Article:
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The New International, May 1938




From New International, Vol.4 No.4, May 1938, p.159.
Transcribed & marked up by Einde O’Callaghan for ETOL.


Stalin’s New Party

The New York Times (Apr. 23, 1938) prints an interesting wireless dispatch from its Moscow correspondent, Harold Denny, in connection with the elections in the constituent republics of the USSR and in the local organizations of the Communist Party.

ONE OF the most important political developments of the last few years in the Soviet Union has been the eclipse of the communist party. It is hardly an exaggeration to say that in Russia the old communist party has been destroyed. Certainly the party that Lenin knew has vanished, the bulk of its one-time leaders have been disgraced and killed by their own brethren in the faith.

The communist party was conceived in the beginning as a spearhead of the “proletarian dictatorship” ’ a tightly knit and thoroughly disciplined phalanx of the most politically advanced minds. Within this body the utmost freedom of opinion and debate was permitted up to the moment when the votes were cast deciding the party’s “line”.

Thereafter every member must adhere to the line in monolithic solidarity. Such freedom of opinion up to that point persisted throughout Lenin’s party leadership and was suppressed by Stalin in the course of his struggle with various oppositions, from the Trotskyist Leftists to the Bukharin Rightists. Since 1930 there has not been freedom of discussion within the communist party ’ even in advance of decisions on the party’s line.

In the first years of the Bolshevist revolution, party congresses were held frequently. The constitution adopted at the eighth congress of the Russian communist party in 1919 specified that regular congresses should be convened at intervals of two years. This was amended to three years at the seventeenth party congress, when Stalin was in full control. That was in February 1934. Thus four years and two months have elapsed since the last party congress, which is a clear violation of the amended party constitution.

During that period the Soviet State has admittedly become a one-man dictatorship. Within the past years, since Stalin was finally able to rid himself of the crafty, powerful and unprincipled Henry Yagoda ’ former secret police chief, who was shot last month along with men whom he insulted by his very presence in the prisoners’ dock ’ there has been no power but Stalin. He alone decides the party line, and woe to him who strays from it.

Within the past year the Stalin dictatorship has solidified its power even against the opposition of the “best brains of the party”. As well as any foreigners here can see the situation now through the smoke screen that the regime is always able to throw over its activities, only three or four men have any real say about what goes on in Soviet Russia ...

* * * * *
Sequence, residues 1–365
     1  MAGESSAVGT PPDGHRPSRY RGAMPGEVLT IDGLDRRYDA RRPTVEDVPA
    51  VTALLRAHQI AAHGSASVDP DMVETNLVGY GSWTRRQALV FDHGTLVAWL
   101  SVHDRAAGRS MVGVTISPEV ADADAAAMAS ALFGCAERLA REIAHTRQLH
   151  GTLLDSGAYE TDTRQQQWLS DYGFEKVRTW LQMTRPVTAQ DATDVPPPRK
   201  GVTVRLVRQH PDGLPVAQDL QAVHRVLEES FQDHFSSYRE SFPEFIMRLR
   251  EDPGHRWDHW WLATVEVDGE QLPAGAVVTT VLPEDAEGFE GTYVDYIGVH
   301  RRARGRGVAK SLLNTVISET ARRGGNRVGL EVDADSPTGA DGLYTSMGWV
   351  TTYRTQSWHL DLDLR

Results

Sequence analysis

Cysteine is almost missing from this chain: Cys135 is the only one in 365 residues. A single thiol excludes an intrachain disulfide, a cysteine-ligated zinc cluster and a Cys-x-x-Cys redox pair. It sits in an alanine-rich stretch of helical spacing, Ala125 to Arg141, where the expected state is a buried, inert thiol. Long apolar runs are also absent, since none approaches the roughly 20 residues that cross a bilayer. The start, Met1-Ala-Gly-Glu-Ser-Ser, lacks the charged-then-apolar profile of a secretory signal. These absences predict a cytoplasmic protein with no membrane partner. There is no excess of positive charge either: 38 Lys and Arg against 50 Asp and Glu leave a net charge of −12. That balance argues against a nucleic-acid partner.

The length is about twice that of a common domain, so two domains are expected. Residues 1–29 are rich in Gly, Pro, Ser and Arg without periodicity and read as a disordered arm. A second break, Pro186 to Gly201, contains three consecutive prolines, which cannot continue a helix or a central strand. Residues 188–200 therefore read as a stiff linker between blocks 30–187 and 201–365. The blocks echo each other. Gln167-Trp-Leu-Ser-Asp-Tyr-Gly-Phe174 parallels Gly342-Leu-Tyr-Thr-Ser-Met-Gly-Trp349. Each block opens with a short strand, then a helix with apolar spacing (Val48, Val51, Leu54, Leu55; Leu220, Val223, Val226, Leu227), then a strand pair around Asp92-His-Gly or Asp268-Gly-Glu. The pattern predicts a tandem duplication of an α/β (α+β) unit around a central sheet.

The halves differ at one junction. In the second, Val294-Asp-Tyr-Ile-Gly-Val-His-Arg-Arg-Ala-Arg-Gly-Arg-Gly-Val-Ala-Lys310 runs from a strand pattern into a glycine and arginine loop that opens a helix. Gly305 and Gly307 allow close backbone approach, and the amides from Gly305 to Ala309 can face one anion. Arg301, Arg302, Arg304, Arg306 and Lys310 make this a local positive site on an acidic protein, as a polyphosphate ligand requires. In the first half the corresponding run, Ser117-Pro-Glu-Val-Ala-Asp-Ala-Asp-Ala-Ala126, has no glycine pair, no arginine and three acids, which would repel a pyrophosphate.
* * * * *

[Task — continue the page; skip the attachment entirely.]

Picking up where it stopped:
So, by the process which, began with the expulsion of the Trotskyists and which was extended to all other oppositionists through the period that saw the liquidation of the Old Bolsheviki three years ago and the degradation and execution of most of the old communist leaders within the last two years, Stalin has gradually substituted rule by the political police ’ inheritors of the tradition of the Czarist Cheka, namely, the GPU and the present NKVD ’ for rule by the communist party.

But that, even for a man as strong as Stalin, is not enough, even taking into consideration the invaluable power, through its ramifications, of the political police. Every indication is that Stalin wishes to place his rule over the country on a stronger and wider basis.

The basis in the old communist party fell from under him. Those famous communists of Lenin’s time wished to be rid of him, if not to destroy him physically. So he destroyed them. But Stalin is no mere Czar (though much more than any Czar ever was) wishing to rule by force alone.

There are innumerable indications that Stalin wishes the sentiment of the people to be behind him. He and his adjutants have done everything imaginable to “sell him” to the country. Most of the people intimately acquainted with Russia today believe he has done so with a high degree of success to the younger generation.

A Stalinist Reply

The editor of the Daily Worker (Apr. 25, 1938) makes a devastating reply to Mr. Denny.

AS A representative of one of the leading Tory organs of US capitalism Mr. Denny finds himself in agreement with the “remnants of the bourgeoisie” in hating the outstanding communist leader who is anathema to the fascist dictators with whom the Tories are making deals ’ dirty deals approved by Mr. Denny’s editorial bosses.

That Mr. Denny has tried to concentrate his slander on comrade Stalin is evidence of the fact that he can no longer slander the USSR and the great achievements which comrade Stalin’s leadership has brought to the Soviet Union and to all progressive humanity.

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